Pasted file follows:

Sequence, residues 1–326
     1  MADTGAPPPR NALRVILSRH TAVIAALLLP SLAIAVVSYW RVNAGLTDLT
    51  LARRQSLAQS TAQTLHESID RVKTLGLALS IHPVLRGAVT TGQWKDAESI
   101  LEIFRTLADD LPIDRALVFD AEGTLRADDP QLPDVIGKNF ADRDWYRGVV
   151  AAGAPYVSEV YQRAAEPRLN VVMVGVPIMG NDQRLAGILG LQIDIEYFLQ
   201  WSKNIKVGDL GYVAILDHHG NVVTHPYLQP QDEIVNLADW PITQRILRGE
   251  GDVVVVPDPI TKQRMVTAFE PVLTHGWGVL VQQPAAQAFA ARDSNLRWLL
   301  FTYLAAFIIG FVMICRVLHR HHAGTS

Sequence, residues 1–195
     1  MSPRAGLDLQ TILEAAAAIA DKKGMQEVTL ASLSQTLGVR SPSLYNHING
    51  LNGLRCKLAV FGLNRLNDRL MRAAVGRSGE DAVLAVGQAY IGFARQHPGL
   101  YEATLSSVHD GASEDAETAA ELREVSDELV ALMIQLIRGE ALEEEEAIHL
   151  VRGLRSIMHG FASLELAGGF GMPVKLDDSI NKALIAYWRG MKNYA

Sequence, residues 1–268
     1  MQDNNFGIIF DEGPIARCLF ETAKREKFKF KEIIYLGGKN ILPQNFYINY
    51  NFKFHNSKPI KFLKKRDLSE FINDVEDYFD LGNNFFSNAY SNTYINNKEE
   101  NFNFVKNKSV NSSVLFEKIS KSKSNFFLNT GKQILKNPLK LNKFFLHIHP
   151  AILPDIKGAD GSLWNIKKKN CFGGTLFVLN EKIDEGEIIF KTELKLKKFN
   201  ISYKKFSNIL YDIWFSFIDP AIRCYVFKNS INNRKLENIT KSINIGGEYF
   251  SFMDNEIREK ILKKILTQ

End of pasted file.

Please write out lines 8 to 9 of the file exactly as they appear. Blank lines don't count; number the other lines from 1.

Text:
   301  FTYLAAFIIG FVMICRVLHR HHAGTS

Sequence, residues 1–195